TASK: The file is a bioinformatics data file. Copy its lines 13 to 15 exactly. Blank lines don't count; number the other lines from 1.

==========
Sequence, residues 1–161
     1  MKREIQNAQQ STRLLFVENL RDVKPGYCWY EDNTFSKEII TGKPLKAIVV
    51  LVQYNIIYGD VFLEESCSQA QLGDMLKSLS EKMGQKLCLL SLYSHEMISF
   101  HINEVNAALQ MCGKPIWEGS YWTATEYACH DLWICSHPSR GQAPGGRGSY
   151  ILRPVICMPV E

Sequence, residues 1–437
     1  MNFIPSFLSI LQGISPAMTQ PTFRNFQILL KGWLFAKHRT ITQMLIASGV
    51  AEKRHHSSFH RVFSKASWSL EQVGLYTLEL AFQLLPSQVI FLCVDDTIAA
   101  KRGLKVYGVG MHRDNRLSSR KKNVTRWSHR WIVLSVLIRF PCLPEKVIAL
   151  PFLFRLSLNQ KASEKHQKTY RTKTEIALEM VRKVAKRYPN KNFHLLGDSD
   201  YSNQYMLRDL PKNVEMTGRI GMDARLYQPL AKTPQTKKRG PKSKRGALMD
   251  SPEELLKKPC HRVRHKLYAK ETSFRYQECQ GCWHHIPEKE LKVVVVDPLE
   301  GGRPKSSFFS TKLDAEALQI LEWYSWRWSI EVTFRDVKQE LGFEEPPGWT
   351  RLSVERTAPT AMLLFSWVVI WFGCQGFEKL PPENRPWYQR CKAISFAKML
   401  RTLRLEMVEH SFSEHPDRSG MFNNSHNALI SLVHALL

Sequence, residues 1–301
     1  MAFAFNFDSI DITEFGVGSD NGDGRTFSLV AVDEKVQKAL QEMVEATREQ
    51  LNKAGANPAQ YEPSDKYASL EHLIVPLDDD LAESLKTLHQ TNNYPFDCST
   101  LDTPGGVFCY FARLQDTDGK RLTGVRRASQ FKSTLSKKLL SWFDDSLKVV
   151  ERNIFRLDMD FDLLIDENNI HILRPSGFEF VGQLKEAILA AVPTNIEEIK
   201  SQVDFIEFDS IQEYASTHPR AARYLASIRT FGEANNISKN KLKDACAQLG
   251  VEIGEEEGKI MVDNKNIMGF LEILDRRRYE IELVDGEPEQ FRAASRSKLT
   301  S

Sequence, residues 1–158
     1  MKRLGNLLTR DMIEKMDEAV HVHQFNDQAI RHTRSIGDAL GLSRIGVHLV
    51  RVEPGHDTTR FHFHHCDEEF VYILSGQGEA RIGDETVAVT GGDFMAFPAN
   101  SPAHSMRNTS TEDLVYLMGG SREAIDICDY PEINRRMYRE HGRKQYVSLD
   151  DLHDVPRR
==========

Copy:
   301  GGRPKSSFFS TKLDAEALQI LEWYSWRWSI EVTFRDVKQE LGFEEPPGWT
   351  RLSVERTAPT AMLLFSWVVI WFGCQGFEKL PPENRPWYQR CKAISFAKML
   401  RTLRLEMVEH SFSEHPDRSG MFNNSHNALI SLVHALL